I am writing this submission in support of a First Nations Voice enshrined in the Constitution. I am a
non-Indigenous Australian who strongly believes that we cannot move forward together in a
meaningful way until we take this important step. I believe there are many other non-Indigenous
Australians who feel the same. The support for this recognition is clearly strong and growing.
We must listen to and respond to the Uluru Statement from the Heart’s invitation to “walk with us in
a movement of the Australian people for a better future.” How can such an invitation be ignored?
The Voice to Parliament will empower Aboriginal and Torres Strait Islanders to have a say on the
laws and policies that impact them. It needs to be a permanent institution that will provide advice to
the Parliament and Government on important issues. The permanence is important to provide
certainty. If the Voice is not enshrined in the Constitution, what message does this send? This is not
important enough? It is clear that it is.
There is no denying there is a lot of work required to repair the damage done since invasion. By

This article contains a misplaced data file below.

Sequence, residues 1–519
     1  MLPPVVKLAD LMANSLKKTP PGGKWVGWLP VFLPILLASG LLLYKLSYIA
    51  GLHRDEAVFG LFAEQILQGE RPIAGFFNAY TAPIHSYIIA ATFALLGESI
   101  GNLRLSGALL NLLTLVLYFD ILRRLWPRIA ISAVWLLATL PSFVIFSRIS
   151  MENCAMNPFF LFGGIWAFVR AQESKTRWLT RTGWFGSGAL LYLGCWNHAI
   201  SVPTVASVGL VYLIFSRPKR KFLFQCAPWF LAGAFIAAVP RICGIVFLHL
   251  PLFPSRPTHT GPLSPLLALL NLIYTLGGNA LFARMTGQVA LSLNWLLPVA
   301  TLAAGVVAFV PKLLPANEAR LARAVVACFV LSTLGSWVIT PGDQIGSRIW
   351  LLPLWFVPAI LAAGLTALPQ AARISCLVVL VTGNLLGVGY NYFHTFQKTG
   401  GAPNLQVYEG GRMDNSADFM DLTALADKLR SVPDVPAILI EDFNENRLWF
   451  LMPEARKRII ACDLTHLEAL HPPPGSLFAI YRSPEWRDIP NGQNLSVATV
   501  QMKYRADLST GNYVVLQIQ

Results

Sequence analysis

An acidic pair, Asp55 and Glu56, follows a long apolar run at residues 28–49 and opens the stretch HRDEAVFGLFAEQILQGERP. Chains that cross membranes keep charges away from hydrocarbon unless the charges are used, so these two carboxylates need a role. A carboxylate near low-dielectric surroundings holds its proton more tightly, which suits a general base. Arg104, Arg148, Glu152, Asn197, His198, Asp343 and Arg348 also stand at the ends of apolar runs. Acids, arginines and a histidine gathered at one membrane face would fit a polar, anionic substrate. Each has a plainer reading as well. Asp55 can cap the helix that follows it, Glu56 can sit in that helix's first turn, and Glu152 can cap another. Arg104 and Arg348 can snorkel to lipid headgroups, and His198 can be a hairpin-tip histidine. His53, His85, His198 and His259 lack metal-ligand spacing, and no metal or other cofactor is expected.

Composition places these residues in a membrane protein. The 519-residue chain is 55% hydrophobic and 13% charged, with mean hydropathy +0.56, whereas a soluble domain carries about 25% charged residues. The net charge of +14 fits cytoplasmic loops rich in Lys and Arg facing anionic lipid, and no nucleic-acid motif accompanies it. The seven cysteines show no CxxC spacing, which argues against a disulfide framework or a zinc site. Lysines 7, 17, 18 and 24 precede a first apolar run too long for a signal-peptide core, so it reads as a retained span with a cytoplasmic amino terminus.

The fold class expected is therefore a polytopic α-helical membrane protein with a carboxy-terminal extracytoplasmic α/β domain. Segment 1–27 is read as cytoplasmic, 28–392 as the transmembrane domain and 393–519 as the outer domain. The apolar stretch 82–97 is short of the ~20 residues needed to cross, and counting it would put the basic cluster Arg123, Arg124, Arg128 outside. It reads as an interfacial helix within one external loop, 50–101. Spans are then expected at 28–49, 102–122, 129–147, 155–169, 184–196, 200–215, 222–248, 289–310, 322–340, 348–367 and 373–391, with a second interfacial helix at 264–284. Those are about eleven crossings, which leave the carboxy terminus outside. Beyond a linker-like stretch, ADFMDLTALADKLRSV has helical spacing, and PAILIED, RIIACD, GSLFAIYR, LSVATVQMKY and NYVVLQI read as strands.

enshrining the Voice in the Constitution, we can send a message that we as a country are committed
to doing that work, and that we accept that the only way we can move forward is with Indigenous
voices guiding the process.
There is a long way to go and lots of work to be done. But until we enshrine a First Nations Voice in
the Constitution, we cannot move forward. Actions matter. Words matter. Having a voice
I implore the Government to take the opportunity that has been offered to it. More specifically, I
• Call on the Government to honour its election commitment to a referendum once a model
for the Voice has been settled; and
• Call for enabling legislation for the Voice to be passed after a referendum has been held in
the next term of Parliament.